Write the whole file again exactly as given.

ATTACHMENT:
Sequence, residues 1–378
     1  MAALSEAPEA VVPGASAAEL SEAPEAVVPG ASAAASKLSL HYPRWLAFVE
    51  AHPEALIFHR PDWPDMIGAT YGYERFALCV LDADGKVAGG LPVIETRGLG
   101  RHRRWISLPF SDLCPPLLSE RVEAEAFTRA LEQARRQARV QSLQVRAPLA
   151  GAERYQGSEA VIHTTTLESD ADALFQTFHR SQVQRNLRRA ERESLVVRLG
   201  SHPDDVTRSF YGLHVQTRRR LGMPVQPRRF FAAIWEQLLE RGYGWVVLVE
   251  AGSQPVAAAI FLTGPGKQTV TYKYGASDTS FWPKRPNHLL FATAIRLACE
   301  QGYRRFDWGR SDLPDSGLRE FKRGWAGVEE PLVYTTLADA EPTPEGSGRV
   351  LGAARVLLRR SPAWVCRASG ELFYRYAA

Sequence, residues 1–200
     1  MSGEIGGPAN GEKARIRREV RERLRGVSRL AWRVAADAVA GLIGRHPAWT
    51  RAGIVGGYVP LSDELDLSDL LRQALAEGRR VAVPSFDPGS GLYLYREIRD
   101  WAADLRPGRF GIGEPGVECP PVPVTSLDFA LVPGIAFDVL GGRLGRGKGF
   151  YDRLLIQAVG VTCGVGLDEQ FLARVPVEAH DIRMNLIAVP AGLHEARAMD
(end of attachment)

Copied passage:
Sequence, residues 1–378
     1  MAALSEAPEA VVPGASAAEL SEAPEAVVPG ASAAASKLSL HYPRWLAFVE
    51  AHPEALIFHR PDWPDMIGAT YGYERFALCV LDADGKVAGG LPVIETRGLG
   101  RHRRWISLPF SDLCPPLLSE RVEAEAFTRA LEQARRQARV QSLQVRAPLA
   151  GAERYQGSEA VIHTTTLESD ADALFQTFHR SQVQRNLRRA ERESLVVRLG
   201  SHPDDVTRSF YGLHVQTRRR LGMPVQPRRF FAAIWEQLLE RGYGWVVLVE
   251  AGSQPVAAAI FLTGPGKQTV TYKYGASDTS FWPKRPNHLL FATAIRLACE
   301  QGYRRFDWGR SDLPDSGLRE FKRGWAGVEE PLVYTTLADA EPTPEGSGRV
   351  LGAARVLLRR SPAWVCRASG ELFYRYAA

Sequence, residues 1–200
     1  MSGEIGGPAN GEKARIRREV RERLRGVSRL AWRVAADAVA GLIGRHPAWT
    51  RAGIVGGYVP LSDELDLSDL LRQALAEGRR VAVPSFDPGS GLYLYREIRD
   101  WAADLRPGRF GIGEPGVECP PVPVTSLDFA LVPGIAFDVL GGRLGRGKGF
   151  YDRLLIQAVG VTCGVGLDEQ FLARVPVEAH DIRMNLIAVP AGLHEARAMD